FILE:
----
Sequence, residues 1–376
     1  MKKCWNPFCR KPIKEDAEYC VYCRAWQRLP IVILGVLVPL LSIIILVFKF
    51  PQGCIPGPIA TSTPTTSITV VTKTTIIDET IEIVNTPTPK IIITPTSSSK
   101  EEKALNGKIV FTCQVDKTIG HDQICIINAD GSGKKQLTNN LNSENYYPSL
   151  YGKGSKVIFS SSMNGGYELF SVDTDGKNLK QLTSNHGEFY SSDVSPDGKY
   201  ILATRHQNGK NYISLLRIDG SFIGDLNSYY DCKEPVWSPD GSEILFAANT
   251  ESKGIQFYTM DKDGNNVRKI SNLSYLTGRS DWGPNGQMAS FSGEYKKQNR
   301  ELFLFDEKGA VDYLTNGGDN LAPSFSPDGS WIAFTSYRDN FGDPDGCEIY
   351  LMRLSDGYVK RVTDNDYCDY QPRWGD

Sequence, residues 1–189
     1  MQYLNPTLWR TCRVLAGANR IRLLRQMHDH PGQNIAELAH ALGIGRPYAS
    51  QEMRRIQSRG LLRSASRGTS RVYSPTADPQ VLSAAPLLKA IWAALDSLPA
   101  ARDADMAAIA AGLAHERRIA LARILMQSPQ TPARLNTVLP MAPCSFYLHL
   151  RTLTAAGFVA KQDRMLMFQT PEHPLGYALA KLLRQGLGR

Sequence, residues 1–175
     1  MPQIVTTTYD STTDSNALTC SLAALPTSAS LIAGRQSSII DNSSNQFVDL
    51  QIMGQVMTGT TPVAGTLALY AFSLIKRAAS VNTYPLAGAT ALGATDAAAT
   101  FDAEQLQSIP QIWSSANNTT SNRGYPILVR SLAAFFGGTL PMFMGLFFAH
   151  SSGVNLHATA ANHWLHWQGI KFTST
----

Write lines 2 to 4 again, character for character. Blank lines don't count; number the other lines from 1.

     1  MKKCWNPFCR KPIKEDAEYC VYCRAWQRLP IVILGVLVPL LSIIILVFKF
    51  PQGCIPGPIA TSTPTTSITV VTKTTIIDET IEIVNTPTPK IIITPTSSSK
   101  EEKALNGKIV FTCQVDKTIG HDQICIINAD GSGKKQLTNN LNSENYYPSL